Los Angeles in the 1930s, a time traveler's guide

la-in-30s-cover.jpgMy favorite new Los Angeles book — the one I took driving with me on Saturday — is a guidebook from the distant past. "Los Angeles in the 1930s: The WPA Guide to the City of Angels" is a new issue by University of California Press of a Federal Writers Project guide that works 70 years later as historical snapshot of Los Angeles the way it was at the cusp of World War II — neighborhoods, places of interest (the ostrich and alligator farms on Mission Road), recreation (45 bowling alleys), literature and familiar restaurants like Musso & Frank and El Cholo.

My KCRW column tonight (6:44 p.m. at 89.9 FM or on kcrw.com) praises the long out-of-print book, which has photos by the likes of Julius Shulman and was mostly written in 1939: as Union Station opened, Raymond Chandler came out with "The Big Sleep," Hollywood made "Gone with the Wind" and "The Wizard of Oz," and the studios employed writers such as F. Scott Fitzgerald and Nathanael West.

Those and most other writers working in L.A. didn't answer the call to contribute, author and critic David Kipen writes in the foreword to the new edition. But despite gaps, it's a special document: "If there's a WPA guide to a more vanished American city, beats me what it is," Kipen writes. "Idea bin for historical novelists, iffy crib-sheet for fact-checkers, God's gift for narrative historians, Los Angeles in the 30s is a wayback machine for retrophile Angelenos everywhere."

As one of those retrophiles, I'll probably be cribbing from the guide all year. I became fascinated first, though, by the most vanished aspect of the city: old industrial Los Angeles, much of which was located in what's now called the Arts District. Some highlights after the jump:

oil-field-lapl.jpgThe opening entry of the guide on The Northwest Section is the Old Los Angeles Oil Field, lining Glendale Boulevard between Beverly Blvd. and Colton Avenue: "the city's first petroleum producing area. Ninety-seven flimsy wooden derricks, survivors of the hundreds that were in the field at the turn of the century..." LAPL photo: Oil field near 1st Street and Belmont Ave.

The Industrial Section entry opens with a reminder that "although Los Angeles is widely known for its manufacture of motion pictures and aircraft, and the extensive commercial development around its harbor, relatively few people are aware that it produces such diversified goods as automobiles, clothing, pottery and canned fish..."

In the "industrial area" along the river, the buildings cited include:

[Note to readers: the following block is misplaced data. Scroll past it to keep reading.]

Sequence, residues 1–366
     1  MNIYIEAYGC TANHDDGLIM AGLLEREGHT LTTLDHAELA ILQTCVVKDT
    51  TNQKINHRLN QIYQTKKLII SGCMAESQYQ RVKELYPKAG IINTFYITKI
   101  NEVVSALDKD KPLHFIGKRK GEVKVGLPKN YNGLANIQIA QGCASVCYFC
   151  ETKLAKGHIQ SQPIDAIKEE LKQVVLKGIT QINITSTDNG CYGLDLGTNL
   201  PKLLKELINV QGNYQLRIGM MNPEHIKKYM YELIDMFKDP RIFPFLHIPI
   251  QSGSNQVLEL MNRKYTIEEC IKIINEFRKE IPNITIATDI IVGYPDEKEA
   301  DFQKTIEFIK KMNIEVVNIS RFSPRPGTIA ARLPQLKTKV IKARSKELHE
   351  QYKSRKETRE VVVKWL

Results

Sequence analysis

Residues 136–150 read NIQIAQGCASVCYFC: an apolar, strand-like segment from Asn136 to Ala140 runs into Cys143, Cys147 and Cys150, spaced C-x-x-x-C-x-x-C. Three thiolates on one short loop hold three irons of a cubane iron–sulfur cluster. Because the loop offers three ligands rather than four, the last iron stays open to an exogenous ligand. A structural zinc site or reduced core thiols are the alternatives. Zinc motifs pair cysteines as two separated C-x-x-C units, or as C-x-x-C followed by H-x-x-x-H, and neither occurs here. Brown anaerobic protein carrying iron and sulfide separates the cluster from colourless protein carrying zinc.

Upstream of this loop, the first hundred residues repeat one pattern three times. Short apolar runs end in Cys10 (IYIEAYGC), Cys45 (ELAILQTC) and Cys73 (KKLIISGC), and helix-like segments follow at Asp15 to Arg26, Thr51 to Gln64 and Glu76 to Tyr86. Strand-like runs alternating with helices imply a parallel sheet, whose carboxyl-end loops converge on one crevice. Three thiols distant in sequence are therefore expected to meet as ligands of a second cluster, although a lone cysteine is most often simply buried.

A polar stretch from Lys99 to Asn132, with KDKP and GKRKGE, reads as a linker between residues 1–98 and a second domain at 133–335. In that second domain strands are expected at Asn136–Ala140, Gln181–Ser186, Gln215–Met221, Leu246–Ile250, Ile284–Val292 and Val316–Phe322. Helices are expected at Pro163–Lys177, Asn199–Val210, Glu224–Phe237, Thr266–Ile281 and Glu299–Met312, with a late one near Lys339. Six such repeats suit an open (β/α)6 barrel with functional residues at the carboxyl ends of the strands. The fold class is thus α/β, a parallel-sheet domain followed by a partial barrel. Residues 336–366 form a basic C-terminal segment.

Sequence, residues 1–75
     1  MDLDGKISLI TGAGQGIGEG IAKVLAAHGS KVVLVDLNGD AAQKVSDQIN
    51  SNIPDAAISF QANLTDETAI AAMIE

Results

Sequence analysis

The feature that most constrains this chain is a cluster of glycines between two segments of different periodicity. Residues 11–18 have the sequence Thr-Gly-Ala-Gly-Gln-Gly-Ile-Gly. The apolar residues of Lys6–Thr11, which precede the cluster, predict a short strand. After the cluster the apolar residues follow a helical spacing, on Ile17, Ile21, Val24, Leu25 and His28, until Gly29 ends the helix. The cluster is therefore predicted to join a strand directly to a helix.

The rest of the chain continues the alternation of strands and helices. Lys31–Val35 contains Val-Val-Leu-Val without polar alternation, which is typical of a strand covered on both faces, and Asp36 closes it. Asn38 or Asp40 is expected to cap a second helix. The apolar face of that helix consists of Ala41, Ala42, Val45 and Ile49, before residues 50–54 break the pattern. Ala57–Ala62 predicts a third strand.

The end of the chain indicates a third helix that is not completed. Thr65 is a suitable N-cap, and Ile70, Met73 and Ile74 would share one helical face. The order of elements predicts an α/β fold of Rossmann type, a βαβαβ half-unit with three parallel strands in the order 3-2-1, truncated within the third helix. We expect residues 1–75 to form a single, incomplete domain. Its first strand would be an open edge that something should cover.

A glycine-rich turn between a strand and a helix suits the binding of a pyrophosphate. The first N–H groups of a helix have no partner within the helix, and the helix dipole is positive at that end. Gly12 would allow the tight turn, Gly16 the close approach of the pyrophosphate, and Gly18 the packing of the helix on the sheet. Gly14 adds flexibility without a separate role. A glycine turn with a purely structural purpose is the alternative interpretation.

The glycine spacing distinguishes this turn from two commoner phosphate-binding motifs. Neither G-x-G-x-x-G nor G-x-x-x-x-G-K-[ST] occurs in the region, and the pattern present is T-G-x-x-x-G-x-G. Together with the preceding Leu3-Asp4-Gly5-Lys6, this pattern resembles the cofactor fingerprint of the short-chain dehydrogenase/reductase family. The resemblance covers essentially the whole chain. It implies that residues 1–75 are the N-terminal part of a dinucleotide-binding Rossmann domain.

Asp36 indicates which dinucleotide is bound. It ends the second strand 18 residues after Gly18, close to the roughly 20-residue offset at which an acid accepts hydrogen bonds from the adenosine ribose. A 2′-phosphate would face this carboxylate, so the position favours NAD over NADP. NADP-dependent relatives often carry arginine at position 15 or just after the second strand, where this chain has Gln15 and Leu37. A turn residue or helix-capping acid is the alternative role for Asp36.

biscuit-company-lapl.jpgThe National Biscuit Company Cooky Bakery, 673 Mateo Street, "a six-story brick-faced building covering nearly half a block. Visitors are conducted through a child's dream of heaven — an inexhaustible cooky factory." This building now houses the million-dollar Biscuit Lofts and Church & State restaurant. 1927 LAPL photo


joannes-bros-bldg.jpgThe Coffee Products of America, Incorporated, Plant, 800 Traction Ave, is the five-story red-brick building across the street from Wurstkuche that reads Joannes Bros Co at the top. "The company processes coffee, tea and spices. The coffee is imported...roasted for 16 minutes at a 300 degree temperature, cut by large circular knives and packed in tins under 31 inches of vacuum." LA Observed photo

capitol-milling-lao.jpg
LA Observed photo

Capitol Milling Company Flour Mill, 1231 N. Spring Street..."the company, whose plant was called the Eagle Mills until 1853, is believed to be the oldest in Los Angeles. It was the seventh name in the city's first telephone directory, which listed 91 subscribers."

Los Angeles Brewery, 1920 N. Main Street, "housed in red brick buildings of the massive Victorian type dominated by a clock tower, is the largest on the Pacific coast." It could produce 1,800 barrels of beer daily, the guide says.

white-king-stack-fajack.jpgLos Angeles Soap Company Plant, 617 E. 1st Street, "spreading over 40 acres, some 600 employees produce more than 75 brands of soap." Photo of the plant before its demolition, by Scott Fajack.

And a little farther afield:

Los Angeles Union Stock Yards, 4500 Downey Road, "is the largest in the 11 western states, occupying approximately 35 acres...pens for cattle, sheep and hogs."

Chrysler Motors Assembly Plant, SE corner Slauson and Eastern avenues, "of the modified Mediterranean style, with red-tiled roofs and massive oak doors. In the plant behind it all the Plymoputh motor cars and dodge trucks sold in California, Nevada, Arizona and Hawaii are assembled."


More by Kevin Roderick:
Ralph Lawler of the Clippers and the age of Aquarius
Riding the Expo Line to USC 'just magical'
Last bastion of free parking? Loyola Marymount to charge students
Matt Kemp, Dodgers and Kings start big weekend the right way
LA Times writers revisit their '92 riots observations
Recent Books stories on LA Observed:
Bestselling books of the week in SoCal stores
The other horrible April 29 date in Los Angeles history
Expo Line misses book festival by that much
Portrait of a Bookstore to close on Tujunga Avenue
Fiction does have a winner at LA Times Book Prizes

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